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Language, Literacy and Power: A Comparative Study of Taiwan and Vietnam

 Wi-vun T. Chiung
University of Texas at Arlington


In Han sphere, including Vietnam, Taiwan, Korea, Japan, and China, the Han characters and their classical Han writing format served as the high language in terms of diglossia and digraphia. Although several domestic scripts have been devised, they could hardly replace the orthodox status of Han writing which was maintained by the hierarchical elites in the sphere. However, great changes came with the advent of the 20th century, in which easy-learned scripts, such as Vietnamese Chu Quoc Ngu Vietnam, Korean Hangul, and Japanese Kana, were being substituted for the traditional Han writing.

Both Taiwan and Vietnam were introduced to romanized writing systems by Western missionaries in the 17th century. Generally speaking, roman script is considered an easy-learned orthography in contrast to the complicated Han characters. With this strength, it enabled roman script to be widely accepted by the common people outside the Han character-educated elites.  Although roman script is easy to learn to read and write, romanization in Taiwan and Vietnam came to two different outcomes in the 20th century. The romanized Vietnamese Chu Quoc Ngu was recognized as the only official writing system in 1945, while the use of romanization in Taiwan is still limited to church activities and the Taibun circle.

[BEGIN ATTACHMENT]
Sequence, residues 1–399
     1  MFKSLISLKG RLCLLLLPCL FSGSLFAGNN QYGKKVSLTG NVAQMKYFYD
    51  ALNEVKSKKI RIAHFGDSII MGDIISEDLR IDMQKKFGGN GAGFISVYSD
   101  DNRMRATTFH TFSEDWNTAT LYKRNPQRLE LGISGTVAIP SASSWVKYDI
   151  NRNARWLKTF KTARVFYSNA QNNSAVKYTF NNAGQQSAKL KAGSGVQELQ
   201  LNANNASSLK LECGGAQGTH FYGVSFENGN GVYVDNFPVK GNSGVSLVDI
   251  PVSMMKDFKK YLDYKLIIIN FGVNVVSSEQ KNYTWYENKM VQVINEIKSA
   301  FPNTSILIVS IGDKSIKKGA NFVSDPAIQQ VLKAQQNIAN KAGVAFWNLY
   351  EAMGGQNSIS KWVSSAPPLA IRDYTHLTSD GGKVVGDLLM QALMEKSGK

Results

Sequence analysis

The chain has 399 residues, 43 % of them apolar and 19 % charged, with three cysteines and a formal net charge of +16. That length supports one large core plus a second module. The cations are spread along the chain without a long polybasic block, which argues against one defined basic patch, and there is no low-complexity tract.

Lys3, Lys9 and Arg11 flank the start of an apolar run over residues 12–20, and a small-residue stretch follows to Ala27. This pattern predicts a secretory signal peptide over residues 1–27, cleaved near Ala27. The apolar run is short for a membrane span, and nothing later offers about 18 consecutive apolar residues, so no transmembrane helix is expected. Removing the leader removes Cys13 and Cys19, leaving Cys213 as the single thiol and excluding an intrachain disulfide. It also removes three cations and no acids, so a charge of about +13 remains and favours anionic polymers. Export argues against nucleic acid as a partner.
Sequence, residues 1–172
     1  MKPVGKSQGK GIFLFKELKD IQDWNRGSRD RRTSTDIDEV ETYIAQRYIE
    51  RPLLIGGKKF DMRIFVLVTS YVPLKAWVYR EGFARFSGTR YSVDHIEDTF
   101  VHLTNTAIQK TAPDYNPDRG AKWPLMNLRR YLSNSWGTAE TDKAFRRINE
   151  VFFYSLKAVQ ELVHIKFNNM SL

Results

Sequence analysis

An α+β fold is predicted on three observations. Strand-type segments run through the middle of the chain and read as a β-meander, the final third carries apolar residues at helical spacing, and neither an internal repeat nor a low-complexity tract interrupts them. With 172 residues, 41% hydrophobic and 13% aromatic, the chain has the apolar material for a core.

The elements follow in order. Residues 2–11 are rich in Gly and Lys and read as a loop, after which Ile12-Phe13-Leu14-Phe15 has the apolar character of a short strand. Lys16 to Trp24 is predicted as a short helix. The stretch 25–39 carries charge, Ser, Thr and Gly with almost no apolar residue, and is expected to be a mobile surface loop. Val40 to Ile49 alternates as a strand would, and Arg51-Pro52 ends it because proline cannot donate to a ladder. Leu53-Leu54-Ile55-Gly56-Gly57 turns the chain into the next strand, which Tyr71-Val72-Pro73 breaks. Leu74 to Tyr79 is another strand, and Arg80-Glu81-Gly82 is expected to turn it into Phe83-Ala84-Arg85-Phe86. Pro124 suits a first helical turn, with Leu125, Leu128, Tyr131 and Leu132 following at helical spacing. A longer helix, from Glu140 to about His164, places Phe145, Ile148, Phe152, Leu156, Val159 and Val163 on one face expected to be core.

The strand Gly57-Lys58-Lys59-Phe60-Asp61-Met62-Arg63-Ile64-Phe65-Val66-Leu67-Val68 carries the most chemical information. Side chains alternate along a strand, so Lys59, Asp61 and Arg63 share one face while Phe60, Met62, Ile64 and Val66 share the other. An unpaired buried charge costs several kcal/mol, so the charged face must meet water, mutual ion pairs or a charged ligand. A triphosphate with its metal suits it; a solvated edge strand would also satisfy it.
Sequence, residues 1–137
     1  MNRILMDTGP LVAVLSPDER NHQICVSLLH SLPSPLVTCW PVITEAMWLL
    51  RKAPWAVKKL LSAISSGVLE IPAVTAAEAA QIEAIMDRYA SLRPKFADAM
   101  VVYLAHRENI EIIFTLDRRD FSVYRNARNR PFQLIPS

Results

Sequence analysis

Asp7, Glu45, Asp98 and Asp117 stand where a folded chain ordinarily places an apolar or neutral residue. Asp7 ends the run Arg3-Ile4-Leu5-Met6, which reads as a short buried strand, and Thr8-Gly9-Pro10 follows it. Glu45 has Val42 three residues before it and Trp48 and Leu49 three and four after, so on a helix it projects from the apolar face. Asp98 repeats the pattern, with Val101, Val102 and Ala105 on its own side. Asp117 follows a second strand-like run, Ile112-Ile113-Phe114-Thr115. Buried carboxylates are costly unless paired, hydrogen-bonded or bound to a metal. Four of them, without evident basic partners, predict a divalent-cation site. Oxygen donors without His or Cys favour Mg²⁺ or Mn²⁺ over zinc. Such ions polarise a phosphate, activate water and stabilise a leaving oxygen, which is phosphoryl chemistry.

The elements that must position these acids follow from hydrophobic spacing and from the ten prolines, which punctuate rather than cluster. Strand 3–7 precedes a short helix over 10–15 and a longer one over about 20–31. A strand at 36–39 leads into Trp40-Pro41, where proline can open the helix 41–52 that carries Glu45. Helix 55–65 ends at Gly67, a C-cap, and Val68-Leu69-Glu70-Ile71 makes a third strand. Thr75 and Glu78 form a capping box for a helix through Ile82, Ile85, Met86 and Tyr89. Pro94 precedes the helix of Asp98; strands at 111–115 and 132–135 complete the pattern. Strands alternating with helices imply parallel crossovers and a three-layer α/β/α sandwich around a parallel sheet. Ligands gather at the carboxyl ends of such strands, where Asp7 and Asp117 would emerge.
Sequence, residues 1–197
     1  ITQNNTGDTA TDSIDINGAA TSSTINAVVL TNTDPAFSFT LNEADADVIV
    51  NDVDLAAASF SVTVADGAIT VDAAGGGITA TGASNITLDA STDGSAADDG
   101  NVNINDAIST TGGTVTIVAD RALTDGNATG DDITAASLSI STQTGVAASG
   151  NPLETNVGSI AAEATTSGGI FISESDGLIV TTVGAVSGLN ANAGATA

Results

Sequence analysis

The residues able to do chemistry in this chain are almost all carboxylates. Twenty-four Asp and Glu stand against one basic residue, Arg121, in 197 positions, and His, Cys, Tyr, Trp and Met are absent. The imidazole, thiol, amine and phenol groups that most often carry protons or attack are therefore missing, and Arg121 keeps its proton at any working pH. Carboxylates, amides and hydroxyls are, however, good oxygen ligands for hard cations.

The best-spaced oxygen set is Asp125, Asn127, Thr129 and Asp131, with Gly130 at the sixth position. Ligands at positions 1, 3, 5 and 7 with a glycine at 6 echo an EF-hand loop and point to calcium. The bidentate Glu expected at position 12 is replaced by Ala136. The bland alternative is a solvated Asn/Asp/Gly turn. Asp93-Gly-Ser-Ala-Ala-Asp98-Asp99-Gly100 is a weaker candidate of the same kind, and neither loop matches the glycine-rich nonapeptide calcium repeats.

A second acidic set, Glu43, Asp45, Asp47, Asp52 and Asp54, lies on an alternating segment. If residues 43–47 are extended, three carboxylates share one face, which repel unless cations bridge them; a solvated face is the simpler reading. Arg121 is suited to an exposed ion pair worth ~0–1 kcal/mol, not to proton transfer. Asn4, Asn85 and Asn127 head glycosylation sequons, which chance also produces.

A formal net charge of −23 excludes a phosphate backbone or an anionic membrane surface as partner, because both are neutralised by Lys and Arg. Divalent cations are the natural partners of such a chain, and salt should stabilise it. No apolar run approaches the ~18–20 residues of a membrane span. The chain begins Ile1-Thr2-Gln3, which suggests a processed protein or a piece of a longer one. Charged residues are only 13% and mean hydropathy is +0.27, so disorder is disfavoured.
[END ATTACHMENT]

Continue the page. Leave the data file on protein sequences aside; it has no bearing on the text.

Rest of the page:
This paper examines the roles of elites and the factors affecting language and orthographic transitions in the case of romanization in Taiwan and Vietnam. Both internal and external factors have contributed to the different outcomes: internal factors include the general publicˇ¦s demands for literacy and anti-feudal hierarchy; external factors include the political relationships between these countries and the origin of Han characters (i.e. China).